All in all, these regulatory changes show that Spain continues to struggle to regulate its energy markets in an orderly manner. The created systems are often unnecessarily complicated, giving rise to unwanted side effects which then need to be repaired by new adaptations which often do not much more than complicate matters even further. For the end consumers of energy, the consequence of this complexity is often cost increases. It is to be feared that some of the changes we comment in this article will have cost-increasing effects in 2015, we’ll keep track of those evolutions for you.

Declining oil price: geopolitics or just plain economics?

The main event in 2014’s energy market has been the sharp decline in oil prices in the second half of the year. In the first six months, geopolitical tensions regarding Ukraine & Russia still caused hick-ups in the oil markets, with Brent prices reaching 115,06 dollars per barrel on the 19th of June. But then the barrel started a bear correction that even brought it below 60 dollars per barrel on the 16th and 18th of December. Even if oil pricing has lost much of its importance for European industrial energy consumers, due to the decoupling of natural gas from oil prices, I obviously want to share some thoughts on this sharp bear trend.

“It’s the economy, stupid”

 In general, the press is always quick in looking for geopolitical explanations of oil price trends. Even seasoned oil traders often have one eye on CNN and the other on their trading screen. However, a look at supply and demand dynamics of 2014’s oil markets is telling much more than the images of war and political leaders that color the many ‘the world in 2014’ retrospectives that we currently see on television. First of all, demand is not growing as fast as before. Economic growth in Europe and Asia is sluggish, and the one economy which is doing well, the US, is switching towards other fuels and higher efficiencies. Moreover, the US is producing more and more of their petroleum needs themselves. According to the International Energy Agency, the US have grown their oil production in the first nine months of 2014 by 3,5% compared to the same period in 2013. The US is now solidifying its position as the world’s biggest producer of oil. And they’re not there yet, but they could be heading for the enviable position of net crude exporter.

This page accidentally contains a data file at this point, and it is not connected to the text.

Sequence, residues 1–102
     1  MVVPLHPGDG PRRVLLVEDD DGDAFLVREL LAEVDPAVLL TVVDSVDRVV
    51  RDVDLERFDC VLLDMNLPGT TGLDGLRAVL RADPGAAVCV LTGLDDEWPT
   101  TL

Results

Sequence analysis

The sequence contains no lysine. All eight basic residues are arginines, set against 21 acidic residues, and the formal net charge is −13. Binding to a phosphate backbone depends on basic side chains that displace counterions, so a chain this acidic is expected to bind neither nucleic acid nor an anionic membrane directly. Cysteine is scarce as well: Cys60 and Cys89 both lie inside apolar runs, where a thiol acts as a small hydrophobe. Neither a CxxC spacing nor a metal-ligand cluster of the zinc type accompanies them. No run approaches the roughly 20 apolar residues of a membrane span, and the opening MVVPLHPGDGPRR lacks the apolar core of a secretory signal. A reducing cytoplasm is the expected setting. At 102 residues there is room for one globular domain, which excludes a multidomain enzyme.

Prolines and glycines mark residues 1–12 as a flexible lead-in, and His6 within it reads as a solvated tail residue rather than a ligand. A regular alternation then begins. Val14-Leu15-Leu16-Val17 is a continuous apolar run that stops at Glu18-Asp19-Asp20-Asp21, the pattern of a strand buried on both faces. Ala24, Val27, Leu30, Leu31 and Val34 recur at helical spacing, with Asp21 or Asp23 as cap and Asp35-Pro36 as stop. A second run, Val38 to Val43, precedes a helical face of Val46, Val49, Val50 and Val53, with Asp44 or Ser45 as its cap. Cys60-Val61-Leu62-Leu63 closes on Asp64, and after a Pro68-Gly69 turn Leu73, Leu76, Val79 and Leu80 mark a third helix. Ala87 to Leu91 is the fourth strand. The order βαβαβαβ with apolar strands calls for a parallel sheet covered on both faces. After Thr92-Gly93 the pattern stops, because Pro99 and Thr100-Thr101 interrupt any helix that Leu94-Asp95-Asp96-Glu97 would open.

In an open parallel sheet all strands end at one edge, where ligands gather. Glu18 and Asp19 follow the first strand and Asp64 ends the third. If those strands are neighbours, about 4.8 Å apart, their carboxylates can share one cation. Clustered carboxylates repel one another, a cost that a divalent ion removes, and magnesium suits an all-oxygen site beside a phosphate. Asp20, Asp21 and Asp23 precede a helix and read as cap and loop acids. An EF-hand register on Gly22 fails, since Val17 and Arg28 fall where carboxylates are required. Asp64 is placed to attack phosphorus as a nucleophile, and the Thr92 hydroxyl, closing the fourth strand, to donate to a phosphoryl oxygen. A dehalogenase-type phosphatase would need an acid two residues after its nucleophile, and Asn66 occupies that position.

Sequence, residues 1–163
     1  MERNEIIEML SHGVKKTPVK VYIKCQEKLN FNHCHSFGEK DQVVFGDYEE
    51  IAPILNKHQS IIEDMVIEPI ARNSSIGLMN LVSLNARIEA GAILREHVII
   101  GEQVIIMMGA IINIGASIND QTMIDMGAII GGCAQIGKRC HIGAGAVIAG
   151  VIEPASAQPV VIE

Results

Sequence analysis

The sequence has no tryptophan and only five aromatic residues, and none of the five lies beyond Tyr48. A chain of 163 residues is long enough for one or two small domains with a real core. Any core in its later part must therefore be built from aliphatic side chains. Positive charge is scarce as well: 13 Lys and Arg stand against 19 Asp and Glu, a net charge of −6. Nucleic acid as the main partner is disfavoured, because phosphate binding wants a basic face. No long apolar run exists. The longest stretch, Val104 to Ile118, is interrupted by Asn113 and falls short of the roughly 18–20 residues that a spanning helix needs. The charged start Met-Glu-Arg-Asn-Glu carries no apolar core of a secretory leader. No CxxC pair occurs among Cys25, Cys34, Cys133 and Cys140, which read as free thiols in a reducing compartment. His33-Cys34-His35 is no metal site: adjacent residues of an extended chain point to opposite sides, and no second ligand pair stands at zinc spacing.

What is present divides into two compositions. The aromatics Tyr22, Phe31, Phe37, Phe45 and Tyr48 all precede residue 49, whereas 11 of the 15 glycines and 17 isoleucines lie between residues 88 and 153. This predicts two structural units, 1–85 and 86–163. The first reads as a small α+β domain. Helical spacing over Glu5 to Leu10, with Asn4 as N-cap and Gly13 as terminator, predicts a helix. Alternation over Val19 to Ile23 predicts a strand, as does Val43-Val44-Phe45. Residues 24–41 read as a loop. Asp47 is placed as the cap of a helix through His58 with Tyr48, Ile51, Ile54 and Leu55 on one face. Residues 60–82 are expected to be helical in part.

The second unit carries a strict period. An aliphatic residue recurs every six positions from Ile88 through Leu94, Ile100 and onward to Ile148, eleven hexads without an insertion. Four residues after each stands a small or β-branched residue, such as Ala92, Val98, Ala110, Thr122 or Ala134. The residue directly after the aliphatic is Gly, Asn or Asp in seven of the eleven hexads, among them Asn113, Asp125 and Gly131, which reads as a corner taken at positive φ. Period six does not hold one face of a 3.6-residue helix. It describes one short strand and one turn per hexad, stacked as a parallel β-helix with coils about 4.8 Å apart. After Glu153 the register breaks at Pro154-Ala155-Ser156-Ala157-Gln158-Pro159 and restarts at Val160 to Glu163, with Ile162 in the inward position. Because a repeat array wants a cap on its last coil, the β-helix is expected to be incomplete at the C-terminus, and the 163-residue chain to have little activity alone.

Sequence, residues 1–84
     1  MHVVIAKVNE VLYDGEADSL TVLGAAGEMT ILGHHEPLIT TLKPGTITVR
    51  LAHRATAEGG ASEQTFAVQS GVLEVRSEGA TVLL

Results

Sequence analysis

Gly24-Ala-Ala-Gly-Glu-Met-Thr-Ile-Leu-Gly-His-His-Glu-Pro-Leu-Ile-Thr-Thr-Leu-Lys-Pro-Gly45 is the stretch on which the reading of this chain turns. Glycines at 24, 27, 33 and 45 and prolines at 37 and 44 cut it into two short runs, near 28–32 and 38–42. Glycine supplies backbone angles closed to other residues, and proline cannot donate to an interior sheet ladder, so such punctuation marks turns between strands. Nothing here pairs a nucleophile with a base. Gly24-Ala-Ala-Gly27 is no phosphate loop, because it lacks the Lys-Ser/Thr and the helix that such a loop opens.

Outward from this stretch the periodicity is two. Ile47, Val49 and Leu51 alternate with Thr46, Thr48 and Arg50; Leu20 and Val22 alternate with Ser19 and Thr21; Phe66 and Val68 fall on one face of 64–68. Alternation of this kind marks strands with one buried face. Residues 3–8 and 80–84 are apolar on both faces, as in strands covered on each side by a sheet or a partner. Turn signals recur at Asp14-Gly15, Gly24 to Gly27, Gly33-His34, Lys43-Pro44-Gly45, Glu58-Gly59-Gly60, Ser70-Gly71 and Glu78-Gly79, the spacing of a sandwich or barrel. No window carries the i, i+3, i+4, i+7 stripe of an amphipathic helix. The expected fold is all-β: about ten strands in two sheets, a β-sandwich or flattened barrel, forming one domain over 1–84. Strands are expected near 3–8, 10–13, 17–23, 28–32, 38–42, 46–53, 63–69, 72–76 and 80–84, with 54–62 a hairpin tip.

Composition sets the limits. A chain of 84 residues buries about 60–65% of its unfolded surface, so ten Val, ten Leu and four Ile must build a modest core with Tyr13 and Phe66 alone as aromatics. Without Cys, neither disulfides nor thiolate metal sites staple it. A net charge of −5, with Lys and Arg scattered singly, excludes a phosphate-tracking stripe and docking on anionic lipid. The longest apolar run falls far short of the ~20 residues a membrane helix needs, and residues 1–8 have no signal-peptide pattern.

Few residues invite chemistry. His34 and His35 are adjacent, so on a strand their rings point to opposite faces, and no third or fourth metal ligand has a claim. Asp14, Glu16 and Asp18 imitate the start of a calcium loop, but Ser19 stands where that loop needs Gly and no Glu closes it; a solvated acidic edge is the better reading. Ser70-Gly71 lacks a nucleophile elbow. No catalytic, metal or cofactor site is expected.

The increase of oil production in the US is caused by the rapid development of shale oil production, the petroleum equivalent of shale gas. This boom is obviously attracting much attention. But we shouldn’t forget that oil production booms are happening in other countries as well. Still according to the International Energy Agency, Canada has grown its oil production in the first nine months of 2014 by 6,5% compared to 2013, thanks to the development of oil sands. And the deep sea oil production of Brazil, causes that country to report an 11,5% increase of oil production in October compared to one year earlier (source: Forbes).

Is Opec waging a price war?

All that increasing production in non-OPEC countries should obviously provoke a reaction from OPEC countries. Traditionally, we expect OPEC to cut supplies when prices hit historical lows. But that’s not what it is doing. On Monday the 22nd of December, the Saudi oil minister, Saudi-Arabia still being the most important OPEC-member, announced that OPEC would not cut supplies, however low the oil price would drop. This strongly confirms the decision at the latest OPEC summit at the end of November not to cut.